The story of Domaine Apffel starts in 2013 when Mathieu started to experiment on the ‘Apremont’ parcel alongside our Kiffe veteran and fellow Savoie grower, Mathieu Goury, of Domaine Chevillard. After a few years, the two decided to pursue their individual projects, and so in 2017, Mathieu received the chance to take over a cellar and land from a retiring grower, and hence marked his official journey as a solo endeavour.
In 2020 Mathieu was joined by his partner and now wife Camille to jointly run the estate. The Apffels today own land in three distinct Crus of the ‘Combe de Savoie’. There are 3 hectares of ‘Apremont’ surrounding their cellar in Saint- Baldoph, ‘St Alban’ located on the opposite side of the valley, close to the well known vineyards of ‘Chignin’, as well as a small 0.6 hectare parcel on the well known ‘St Jean de la Porte’, a good 20 minute drive up the valley, where well known estates such as Domaine de Ardoisieres and Domaine Chevillard are based.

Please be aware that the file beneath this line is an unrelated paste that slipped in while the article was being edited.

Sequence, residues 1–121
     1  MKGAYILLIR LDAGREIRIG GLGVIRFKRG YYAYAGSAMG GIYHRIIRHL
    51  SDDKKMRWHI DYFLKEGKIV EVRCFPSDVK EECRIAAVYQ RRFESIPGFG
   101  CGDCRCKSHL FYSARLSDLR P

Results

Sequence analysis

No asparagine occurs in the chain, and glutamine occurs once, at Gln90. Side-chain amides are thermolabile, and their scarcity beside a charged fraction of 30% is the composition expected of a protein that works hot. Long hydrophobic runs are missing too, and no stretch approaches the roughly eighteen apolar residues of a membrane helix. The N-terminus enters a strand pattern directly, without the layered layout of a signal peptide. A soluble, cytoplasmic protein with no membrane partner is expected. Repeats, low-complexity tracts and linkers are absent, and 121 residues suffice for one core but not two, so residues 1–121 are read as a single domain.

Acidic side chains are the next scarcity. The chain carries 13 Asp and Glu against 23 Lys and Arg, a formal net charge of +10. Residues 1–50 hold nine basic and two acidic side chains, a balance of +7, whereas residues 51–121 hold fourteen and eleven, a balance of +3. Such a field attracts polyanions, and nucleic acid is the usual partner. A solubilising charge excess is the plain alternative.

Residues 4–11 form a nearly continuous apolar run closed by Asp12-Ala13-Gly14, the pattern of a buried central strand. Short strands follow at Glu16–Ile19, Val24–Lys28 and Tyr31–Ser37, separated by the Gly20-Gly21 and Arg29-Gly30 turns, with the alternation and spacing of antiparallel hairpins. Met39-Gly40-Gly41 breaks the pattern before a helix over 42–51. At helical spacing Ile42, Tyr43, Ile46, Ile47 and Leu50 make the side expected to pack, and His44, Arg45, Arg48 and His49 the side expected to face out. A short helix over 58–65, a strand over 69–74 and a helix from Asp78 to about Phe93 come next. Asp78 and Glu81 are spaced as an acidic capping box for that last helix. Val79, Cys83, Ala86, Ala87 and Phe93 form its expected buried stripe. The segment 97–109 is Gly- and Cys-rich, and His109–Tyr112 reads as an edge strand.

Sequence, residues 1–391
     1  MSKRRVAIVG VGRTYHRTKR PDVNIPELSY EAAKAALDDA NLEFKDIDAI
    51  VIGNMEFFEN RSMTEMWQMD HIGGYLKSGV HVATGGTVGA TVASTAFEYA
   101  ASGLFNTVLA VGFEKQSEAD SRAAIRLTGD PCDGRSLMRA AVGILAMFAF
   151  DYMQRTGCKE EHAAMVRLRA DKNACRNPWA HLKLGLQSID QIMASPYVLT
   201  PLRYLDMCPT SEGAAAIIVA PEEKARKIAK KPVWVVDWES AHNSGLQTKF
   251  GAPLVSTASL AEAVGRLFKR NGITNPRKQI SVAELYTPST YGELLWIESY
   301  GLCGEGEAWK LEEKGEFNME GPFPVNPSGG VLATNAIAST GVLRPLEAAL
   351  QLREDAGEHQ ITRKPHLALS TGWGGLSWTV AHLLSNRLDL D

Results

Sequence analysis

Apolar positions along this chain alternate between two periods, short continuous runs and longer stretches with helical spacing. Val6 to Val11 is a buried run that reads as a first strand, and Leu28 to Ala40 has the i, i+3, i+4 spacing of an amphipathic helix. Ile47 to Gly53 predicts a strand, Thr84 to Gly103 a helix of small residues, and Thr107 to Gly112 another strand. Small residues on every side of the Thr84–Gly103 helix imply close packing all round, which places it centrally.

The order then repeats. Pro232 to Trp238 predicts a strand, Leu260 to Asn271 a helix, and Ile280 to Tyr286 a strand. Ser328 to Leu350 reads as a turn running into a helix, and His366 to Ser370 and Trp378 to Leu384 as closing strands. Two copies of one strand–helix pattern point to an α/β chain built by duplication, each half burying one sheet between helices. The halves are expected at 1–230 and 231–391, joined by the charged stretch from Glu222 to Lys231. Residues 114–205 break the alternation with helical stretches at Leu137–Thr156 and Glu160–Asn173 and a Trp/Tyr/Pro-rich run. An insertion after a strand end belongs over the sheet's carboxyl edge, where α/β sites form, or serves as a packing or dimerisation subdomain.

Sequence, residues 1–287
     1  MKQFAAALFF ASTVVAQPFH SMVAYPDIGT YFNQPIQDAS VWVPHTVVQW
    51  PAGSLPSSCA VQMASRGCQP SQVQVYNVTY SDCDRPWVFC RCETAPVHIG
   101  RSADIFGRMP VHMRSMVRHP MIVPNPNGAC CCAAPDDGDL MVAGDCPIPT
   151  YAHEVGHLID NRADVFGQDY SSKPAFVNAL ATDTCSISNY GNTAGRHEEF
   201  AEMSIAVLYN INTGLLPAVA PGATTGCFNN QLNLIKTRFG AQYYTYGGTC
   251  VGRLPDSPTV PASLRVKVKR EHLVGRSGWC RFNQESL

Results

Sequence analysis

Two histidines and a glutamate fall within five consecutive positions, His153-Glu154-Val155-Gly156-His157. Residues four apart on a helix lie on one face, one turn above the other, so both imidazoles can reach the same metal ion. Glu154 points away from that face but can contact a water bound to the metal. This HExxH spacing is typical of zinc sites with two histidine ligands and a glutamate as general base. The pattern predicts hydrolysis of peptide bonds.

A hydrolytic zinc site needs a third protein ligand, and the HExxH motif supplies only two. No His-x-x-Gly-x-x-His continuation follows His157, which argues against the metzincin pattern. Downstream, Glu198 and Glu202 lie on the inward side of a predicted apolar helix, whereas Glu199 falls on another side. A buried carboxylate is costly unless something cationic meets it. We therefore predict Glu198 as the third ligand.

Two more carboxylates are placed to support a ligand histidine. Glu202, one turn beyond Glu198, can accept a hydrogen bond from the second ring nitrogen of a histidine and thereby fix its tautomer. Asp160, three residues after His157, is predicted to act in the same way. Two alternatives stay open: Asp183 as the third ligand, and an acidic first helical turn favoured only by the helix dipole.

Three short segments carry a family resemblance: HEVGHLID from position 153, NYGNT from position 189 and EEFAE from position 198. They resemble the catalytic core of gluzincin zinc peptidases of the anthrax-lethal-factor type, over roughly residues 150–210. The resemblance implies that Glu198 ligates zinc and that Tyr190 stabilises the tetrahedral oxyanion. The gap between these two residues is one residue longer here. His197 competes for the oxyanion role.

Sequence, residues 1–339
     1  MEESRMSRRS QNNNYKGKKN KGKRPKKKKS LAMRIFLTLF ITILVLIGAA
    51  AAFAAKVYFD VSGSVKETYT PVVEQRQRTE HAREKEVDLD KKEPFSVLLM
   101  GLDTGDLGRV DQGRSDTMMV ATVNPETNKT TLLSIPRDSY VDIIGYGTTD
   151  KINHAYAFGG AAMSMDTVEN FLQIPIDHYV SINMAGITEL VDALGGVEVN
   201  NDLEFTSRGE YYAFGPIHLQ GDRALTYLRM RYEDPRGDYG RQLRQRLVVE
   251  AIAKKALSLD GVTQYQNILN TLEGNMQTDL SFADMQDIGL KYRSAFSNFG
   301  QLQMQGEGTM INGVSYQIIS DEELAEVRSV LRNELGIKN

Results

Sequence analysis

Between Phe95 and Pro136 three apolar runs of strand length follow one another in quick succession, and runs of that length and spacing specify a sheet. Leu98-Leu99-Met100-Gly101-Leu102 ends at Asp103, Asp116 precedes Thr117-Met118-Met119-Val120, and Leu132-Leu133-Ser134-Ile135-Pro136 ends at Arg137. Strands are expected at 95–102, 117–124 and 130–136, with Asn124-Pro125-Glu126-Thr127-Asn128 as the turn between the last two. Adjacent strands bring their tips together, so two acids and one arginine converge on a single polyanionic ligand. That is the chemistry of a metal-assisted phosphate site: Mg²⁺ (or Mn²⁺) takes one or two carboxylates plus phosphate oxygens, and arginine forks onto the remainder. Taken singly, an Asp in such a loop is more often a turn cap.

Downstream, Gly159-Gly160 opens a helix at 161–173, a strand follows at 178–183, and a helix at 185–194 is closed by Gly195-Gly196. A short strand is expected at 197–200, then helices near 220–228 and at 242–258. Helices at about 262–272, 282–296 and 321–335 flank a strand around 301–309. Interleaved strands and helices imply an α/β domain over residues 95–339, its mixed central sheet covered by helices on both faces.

When we visited Mathieu and Camille back in summer 2021, you instantly feel their calm and deep connection to the land that they have farmed over the past few years. Despite having had the challenge of taking over vineyards that previously have been worked conventionally, it is evident how their efforts since then have positively impacted the health of the vines, and subsequently, the quality of the fruit they work with. The dominating terroir in their Jacquère vineyards around the cellar consists of a mixture of sandy clay, clay and sedimentary soils on top, usually with a heavy foundation of marl below. This, Mathieu explains, helps their vines to build up a good resistance to drought, as the soils are able to retain water and nutrition well throughout the hot summer periods. In the cellar, they use a mix of small French oak, as well as stainless steel tanks, fibreglass tanks and amphora for experimentation. For them, using the various vessels allows for the right balance of reduction and acidity which they are looking for in their wines. When it comes to pressing and maceration they are following a ‘infusion over extraction’ sentiment, preferring a slow and gentle way of gaining structure and tannin.